Watch out as Evercam eyes the US
There was a time when closed circuit TV camera meant a grainy black and white video in a 24 hour petrol station, the type of thing you only saw on a programme like 'Garda Patrol', if you can remember back that far, or the numerous cop shows that seem to fill the graveyard shift on so many satellite stations.
Not any more. Today, you can log on to a traffic camera in Washington DC, or watch wildlife in South Afica if you are so inclined.
Clearly this has implications for civilian life but especially for business. After all, there will be very good reasons for staff to have access to a live feed from one part of the business, but how do yo make sure that only the right people have access to the feed?
This is where Evercam.io comes in. The brainchild of Marco Herbst and Vinnie Quinn, it evolved from their original company Camba.tv.
"A picture paints a thousand words," says Mr Quinn. "A live image provides visual verification of an event - for business users this means traceability, accountability and easy dispute resolution. Access to the right live image at the right time can also be a great tool in decision-making.
CCTV systems were all designed to be closed circuit. They are not designed for easy integration with business processes. Increasingly though companies want to share images and footage with their staff, suppliers and customers.
"Now that we can all view images and live streams from our phones, the important part is managing the permission layer to make sure the right person sees the right image at the right time," he claims.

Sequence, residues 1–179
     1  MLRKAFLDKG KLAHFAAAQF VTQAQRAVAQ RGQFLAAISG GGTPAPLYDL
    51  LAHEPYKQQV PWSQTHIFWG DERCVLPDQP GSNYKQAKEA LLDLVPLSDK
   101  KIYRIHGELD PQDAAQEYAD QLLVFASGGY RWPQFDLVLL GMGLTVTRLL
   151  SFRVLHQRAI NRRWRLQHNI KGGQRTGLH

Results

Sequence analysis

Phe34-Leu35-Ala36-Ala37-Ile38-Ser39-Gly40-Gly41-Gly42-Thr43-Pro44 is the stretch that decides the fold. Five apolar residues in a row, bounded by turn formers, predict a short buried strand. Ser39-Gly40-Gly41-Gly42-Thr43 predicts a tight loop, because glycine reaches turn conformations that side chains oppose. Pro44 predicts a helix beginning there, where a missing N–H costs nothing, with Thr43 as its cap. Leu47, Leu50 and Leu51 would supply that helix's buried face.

The key to Evercam is its simplicity. To date, large scale camera integration projects have been expensive, complicated and prone to failure - they just have not been strong enough for what is required of them. Evercam is an API (Application Programming Interface) for any camera that can connect to the internet. An API basically tells specific programmes and software how to interact with each other. In practice this means that Evercam makes it much, much easier for firms to integrate their CCTV cameras into their systems.
Using Evercam, a software developer can write software once, and it can communicate with any existing or new CCTV cameras. The connectivity to the internet (often the point of failure with camera integration projects) is the responsibility of the local engineer, and once the camera is registered with Evercam, functions can be added to make the camera more useful to the owner.
Take a factory production line, for example. In many cases, when the production line fails, it is for a specific reason, but few managers or executives will have the ability to see exactly what was happening when the system failed.
Using Evercam though, the person in charge can say "Show me the production line when it stopped", or if there was an issue with a specific product, see tape of every copy of that product before it left the factory.
The potential benefits for businesses is clear then. According to MR Quinn, the solution is "particularly suitable for franchise owners who often have different CCTV systems across their outlets, and can now receive scheduled emails with images of key areas, a simple management tool based on existing hardware".
The company, which has seven staff in Ireland and a development team based in Belgrade, has been busily working on firming up its product for some time. Now though, expansion is on the cards.
Mr Quinn and Mr Herbst have their eyes on expansion to the US, having launched Evercam at the Techcrunch Disrupt event New York in last May. They then spent most of June in Silicon valley and San Francisco. Interest has so far been strong.
The business is backed by Enterprise Ireland and has also completed a private round of seed capital.
The concept has been proved, now it is up to the firm to make Evercam work long term.